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iPad Pro should run Mac OS X

By Adam Doud September 10, 2015, 12:00 pm

The iPad Pro made its debut yesterday to much fanfare and ballyhoo. This is probably one of the most anticipated mobile devices since, well, I guess since the Apple Watch just scant months ago. The iPad Pro is everything we expected it to be – it’s a gigantic iPad. Measuring in at 12.9 diagonal inches, this monster is as tall in landscape as the iPad Air is in portrait.

This is no accident either. iOS 9 is coming with its new split-screen capability, making true multitasking possible for the first time ever (unless you count every other company in the world that’s done it)! This is going to be an interesting experience since iOS has, in the past, not only shunned true multi-tasking experiences, but for some time actually forbade app developers from making anything of the sort. Here’s looking at you, Inglorious Apps. #ThePowerOfGlimpse


More power!

But the Apple gents were all atwitter about how powerful the iPad Pro is and how it’s faster, better, stronger, and longer than other mobile computing devices. I’m sure the iPad Pro is indeed very powerful, but I have to wonder if this might be a missed opportunity for Apple in the long run.

The iPad Pro runs iOS 9, because of course it does. In the meantime, Apple has another OS that, with some improvements here or there, might actually be better suited for such a large device – OS X. OS X is still a pretty light weight and nimble operating system that might have run very well on an iPad Pro. We are talking about a professional tablet after all. Isn’t professionalism all about productivity? You are allowed to harp all you want about how Microsoft was on stage showing off office (and by the way, ow about that huh?!), and how there’s a physical keyboard to go with it, but at the end of the day, the iPad is first and foremost a content consumption device.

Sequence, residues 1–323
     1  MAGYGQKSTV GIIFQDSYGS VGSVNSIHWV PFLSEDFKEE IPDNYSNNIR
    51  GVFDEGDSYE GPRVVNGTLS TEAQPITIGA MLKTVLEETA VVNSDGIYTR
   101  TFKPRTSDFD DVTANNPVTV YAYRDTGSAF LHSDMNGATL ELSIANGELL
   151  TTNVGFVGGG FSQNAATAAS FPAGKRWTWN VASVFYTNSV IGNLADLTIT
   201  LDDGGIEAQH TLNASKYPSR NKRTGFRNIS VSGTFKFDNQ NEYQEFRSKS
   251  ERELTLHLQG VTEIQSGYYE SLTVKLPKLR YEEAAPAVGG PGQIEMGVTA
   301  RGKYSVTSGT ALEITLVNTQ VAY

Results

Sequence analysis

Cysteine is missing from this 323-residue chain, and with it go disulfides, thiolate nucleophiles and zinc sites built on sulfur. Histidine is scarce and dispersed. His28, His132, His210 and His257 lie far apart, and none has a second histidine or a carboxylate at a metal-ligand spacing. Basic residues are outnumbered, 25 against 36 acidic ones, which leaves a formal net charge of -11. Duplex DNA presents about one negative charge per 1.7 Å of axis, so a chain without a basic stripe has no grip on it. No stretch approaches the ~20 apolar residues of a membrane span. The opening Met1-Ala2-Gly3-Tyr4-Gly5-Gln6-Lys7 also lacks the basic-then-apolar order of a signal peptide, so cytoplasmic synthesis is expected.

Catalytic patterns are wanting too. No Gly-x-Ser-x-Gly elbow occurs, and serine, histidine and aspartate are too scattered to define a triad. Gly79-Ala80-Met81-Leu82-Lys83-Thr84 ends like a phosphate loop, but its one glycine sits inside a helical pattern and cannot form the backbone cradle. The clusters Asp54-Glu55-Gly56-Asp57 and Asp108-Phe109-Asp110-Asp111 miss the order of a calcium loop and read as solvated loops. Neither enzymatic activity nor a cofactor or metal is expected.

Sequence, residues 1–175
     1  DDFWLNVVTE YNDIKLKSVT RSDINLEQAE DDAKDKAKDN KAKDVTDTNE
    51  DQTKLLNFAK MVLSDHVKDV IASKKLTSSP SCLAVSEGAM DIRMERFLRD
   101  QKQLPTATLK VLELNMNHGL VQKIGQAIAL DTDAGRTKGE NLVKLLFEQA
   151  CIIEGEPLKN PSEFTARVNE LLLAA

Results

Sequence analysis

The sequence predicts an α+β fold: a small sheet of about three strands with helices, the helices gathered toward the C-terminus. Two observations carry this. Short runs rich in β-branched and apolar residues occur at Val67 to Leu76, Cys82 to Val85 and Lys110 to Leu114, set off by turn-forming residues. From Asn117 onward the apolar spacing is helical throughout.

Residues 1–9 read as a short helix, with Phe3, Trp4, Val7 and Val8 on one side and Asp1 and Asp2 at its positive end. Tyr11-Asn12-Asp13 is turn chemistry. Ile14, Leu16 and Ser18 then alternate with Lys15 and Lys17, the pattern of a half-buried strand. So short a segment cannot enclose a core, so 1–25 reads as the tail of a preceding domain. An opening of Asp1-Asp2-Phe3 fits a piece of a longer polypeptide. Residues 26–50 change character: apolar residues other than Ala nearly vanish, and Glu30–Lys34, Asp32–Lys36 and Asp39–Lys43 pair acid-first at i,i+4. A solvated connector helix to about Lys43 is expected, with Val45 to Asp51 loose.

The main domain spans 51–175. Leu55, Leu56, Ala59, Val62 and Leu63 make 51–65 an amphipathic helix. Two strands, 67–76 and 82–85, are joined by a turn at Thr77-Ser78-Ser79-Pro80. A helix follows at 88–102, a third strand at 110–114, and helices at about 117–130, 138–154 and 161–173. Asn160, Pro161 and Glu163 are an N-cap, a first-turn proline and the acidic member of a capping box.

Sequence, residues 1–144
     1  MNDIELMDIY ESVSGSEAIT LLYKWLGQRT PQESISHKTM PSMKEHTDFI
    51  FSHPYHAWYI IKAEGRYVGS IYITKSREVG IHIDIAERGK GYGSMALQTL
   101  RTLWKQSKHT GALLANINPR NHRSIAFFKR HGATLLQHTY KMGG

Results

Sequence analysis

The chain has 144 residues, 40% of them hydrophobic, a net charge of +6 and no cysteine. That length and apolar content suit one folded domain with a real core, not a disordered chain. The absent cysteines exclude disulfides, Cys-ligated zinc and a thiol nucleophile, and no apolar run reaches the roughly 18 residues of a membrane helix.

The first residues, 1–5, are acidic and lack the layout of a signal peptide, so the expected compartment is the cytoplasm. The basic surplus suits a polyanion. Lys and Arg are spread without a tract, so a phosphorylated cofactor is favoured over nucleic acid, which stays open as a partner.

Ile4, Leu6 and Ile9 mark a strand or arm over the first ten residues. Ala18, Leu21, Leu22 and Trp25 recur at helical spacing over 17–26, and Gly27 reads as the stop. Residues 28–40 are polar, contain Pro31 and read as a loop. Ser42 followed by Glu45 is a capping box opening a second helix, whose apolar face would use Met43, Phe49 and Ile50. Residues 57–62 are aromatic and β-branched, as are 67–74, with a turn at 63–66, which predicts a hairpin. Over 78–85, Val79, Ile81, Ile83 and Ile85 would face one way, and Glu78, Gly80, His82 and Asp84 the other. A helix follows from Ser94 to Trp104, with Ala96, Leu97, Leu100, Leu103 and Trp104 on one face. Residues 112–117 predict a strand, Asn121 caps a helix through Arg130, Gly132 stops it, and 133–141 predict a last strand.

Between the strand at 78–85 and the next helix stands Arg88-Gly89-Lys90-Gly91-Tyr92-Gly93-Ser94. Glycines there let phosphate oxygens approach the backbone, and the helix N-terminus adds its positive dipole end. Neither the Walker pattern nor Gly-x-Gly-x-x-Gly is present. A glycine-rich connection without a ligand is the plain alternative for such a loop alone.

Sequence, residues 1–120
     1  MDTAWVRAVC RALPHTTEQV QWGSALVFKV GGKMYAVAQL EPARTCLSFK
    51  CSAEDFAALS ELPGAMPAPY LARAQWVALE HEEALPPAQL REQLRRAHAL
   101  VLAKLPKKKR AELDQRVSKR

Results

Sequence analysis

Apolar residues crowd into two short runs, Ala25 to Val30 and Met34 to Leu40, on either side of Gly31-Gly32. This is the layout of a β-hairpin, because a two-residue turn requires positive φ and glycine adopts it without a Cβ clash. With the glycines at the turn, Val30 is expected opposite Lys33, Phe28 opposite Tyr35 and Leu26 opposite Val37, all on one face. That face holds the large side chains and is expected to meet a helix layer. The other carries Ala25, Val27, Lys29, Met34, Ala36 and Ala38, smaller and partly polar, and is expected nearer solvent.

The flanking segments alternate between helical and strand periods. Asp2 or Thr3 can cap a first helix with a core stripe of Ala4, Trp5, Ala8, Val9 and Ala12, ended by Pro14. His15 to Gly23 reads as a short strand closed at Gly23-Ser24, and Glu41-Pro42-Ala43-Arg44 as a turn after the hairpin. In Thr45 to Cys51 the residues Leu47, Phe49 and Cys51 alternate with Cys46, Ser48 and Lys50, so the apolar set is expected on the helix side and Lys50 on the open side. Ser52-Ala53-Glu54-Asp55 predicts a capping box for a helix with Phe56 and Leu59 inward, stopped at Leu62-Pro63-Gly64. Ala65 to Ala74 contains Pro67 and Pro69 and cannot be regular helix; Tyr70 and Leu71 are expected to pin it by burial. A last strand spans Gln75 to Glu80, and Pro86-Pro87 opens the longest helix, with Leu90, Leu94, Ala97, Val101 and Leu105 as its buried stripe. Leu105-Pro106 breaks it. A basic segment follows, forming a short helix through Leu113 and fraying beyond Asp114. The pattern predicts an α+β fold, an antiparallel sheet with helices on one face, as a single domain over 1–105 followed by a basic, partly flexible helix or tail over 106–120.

Productivity conundrum

Look out in the stands during any tech event. You don’t see iPads; you see Macbooks. While fully acknowledging that I haven’t used the iPad Pro keyboard, I’m willing to bet dollars to donuts that the iPad Pro will not be “lapable”, nor usable on a train or car, and further I bet the keyboard/kickstand of the Surface Pro 3 is far more comfortable and stable than that of the iPad Pro. Admittedly, the iPad Pro is a first generation product, but we’re starting to wander off course here a bit.

The bottom line here is that the iPad Pro is seemingly geared toward…well…pros. And iOS 9, even with Microsoft’s split screen feature, isn’t really going to be a multi-tasking machine with its gigantic grid of icons, and double pressing/3D touching (whatever that is) the home button for cards. It’s frankly too clunky. But some optimization of Mac OS X could have been a great thing for Apple on several fronts.


Not thinner, just tighter

First, it would bring iOS and OSX closer together. We are approaching a time when the line between operating systems is going to get fuzzy, or just get erased altogether. Microsoft is already well on its way toward that. A touch-optimized version of Mac OSX could have been a really great thing that would help bridge the gap between iOS and OSX. But maybe Apple’s not interested in following the Microsoft philosophy.

Then, consider those professionals that Apple is looking to draw. The iPad’s time is waning – sales are on the decline, so I’m not sure another tablet is what the world needs. The iPad is considered a plaything in the minds of many decision makers. Sure you can draw a woman in a dress for an ad proposal, but most people just stream Netflix and call it a day. That’s why Microsoft’s approach with the Surface Pro, running its full-bodied Windows operating system is a better recipe for success.

Short sighted

I wish Apple has taken a long view on this one and spent the last couple of years adapting OSX for touchscreens. Apple would have done it pretty well, I think. It certainly would not have gone the “put your right foot in, put your right foot out” approach of Windows 8.1. I like to think that Apple might have managed something with a bit of class for iPads of the future.

As it stands, it’s just a giant iPad. But back in the day, the original iPad was basically just a giant iPhone, and that sold like hotcakes, so what do I know? I like the idea of Apple unifying its operating systems into one whole, similar to what Microsoft is trying to do, but I also respect Apple for sticking with its philosophy that tablets and computers are fundamentally designed to do different things. But it also makes me wonder, if that is truly Apple’s philosophy, then exactly who is the iPad Pro for?


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